Watching a Solar Eclipse

On August 21, 2017 a solar eclipse will envelope the nation for 2-3 hours, while a small, 70 mile sliver from Salem, Oregon to Charleston, SC will experience a total solar eclipse for the first time since 1979.  Dubbed "The Great American Eclipse" this eclipse is noteworthy for its cross-country path of totality that will be visible from most Americans' backyards.  However, watching a solar eclipse isn't as simple as looking skyward.  Looking directly at the sun is unsafe except during the brief totality.  And that only happens in a small area.  Consequently, while millions can -and will- watch the eclipse, not all are aware of how to safely do so.

Solar retinopathy, or photic retinopathy, can occur when a person stares at the sun, causing retinal tissues to be damaged at the fovea, and resulting in a mild-to-moderate visual acuity deficit and central or paracentral scotoma.  Captain Tyson Brunstetter, OD, PhD, a U.S. Navy doctor working with NASA says the single greatest risk to viewing a solar eclipse comes from nonionizing (low energy) radiation, the visible and infrared light that easily passes through the eye and is focused on the retina.  The ramifications of improperly viewing a solar eclipse can be immense and permanent and because there are no pain receptors in the retina, this damage can occur without any sensation of pain.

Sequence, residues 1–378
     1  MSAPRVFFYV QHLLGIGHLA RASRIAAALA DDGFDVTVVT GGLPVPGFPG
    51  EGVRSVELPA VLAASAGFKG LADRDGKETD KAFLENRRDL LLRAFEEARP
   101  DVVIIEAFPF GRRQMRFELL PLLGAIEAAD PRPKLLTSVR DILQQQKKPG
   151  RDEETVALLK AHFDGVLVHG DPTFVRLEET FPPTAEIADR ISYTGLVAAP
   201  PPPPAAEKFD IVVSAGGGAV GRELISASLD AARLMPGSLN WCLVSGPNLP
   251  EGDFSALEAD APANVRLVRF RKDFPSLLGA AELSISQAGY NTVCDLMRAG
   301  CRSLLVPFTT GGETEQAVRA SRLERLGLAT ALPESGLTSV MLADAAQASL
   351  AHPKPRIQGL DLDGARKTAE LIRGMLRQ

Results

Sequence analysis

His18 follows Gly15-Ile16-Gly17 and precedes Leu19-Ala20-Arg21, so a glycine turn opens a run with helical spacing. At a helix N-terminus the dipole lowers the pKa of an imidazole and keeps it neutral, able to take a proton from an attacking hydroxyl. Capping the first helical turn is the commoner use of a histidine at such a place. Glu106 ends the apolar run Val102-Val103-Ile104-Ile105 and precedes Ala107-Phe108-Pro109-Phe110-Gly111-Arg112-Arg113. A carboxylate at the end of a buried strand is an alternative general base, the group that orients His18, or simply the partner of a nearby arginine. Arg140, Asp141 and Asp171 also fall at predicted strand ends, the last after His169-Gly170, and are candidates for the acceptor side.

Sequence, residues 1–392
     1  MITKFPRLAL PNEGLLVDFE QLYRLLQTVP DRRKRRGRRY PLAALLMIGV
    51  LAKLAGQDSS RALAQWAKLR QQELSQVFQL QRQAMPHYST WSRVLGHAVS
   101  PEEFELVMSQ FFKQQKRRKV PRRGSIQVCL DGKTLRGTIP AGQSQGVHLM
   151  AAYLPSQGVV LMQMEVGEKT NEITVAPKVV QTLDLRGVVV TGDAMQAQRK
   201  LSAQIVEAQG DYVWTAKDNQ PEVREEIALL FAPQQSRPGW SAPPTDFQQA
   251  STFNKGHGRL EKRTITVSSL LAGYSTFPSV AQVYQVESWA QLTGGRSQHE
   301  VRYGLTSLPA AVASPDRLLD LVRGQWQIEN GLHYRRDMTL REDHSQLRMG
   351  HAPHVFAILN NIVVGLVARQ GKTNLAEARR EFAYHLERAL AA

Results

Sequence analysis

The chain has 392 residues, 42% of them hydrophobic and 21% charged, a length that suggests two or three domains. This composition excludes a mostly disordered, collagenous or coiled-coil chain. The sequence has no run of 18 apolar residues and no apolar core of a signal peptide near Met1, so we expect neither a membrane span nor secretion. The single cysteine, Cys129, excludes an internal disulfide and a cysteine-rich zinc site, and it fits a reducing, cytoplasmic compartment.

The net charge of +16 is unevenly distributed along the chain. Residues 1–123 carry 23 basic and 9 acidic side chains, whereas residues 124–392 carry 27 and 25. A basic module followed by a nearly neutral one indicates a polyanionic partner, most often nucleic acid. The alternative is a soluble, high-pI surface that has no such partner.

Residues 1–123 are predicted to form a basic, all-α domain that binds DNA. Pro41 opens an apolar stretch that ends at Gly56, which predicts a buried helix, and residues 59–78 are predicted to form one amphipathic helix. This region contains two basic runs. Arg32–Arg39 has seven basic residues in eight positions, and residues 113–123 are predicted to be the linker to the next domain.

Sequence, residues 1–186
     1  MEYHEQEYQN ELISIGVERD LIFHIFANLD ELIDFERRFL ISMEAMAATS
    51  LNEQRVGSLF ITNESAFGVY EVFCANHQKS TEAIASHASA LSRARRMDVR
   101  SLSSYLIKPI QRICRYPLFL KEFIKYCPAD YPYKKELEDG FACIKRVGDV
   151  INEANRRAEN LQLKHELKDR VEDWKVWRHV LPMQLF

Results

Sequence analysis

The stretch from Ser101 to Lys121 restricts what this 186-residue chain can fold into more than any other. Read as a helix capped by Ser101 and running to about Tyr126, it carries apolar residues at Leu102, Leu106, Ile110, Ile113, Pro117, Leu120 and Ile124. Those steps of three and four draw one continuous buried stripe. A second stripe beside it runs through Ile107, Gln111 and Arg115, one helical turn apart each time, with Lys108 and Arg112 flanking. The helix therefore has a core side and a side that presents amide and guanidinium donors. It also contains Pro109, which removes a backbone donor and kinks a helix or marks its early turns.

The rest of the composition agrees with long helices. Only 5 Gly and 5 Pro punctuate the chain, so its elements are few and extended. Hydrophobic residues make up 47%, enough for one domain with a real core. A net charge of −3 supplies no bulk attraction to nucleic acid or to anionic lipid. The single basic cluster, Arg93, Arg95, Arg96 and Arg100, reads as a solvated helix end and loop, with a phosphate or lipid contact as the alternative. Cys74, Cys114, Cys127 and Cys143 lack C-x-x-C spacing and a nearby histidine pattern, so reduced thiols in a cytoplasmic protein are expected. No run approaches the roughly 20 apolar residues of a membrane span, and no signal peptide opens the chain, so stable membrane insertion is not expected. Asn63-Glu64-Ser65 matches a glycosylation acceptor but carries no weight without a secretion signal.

The only safe way to look directly at the uneclipsed or partially eclipsed sun is through eclipse glasses or filters.

Stay tuned next month on DIY indirect viewing devices.

--Information for this article from Myron Wasiuta, OD, AOA Focus magazine, May 2017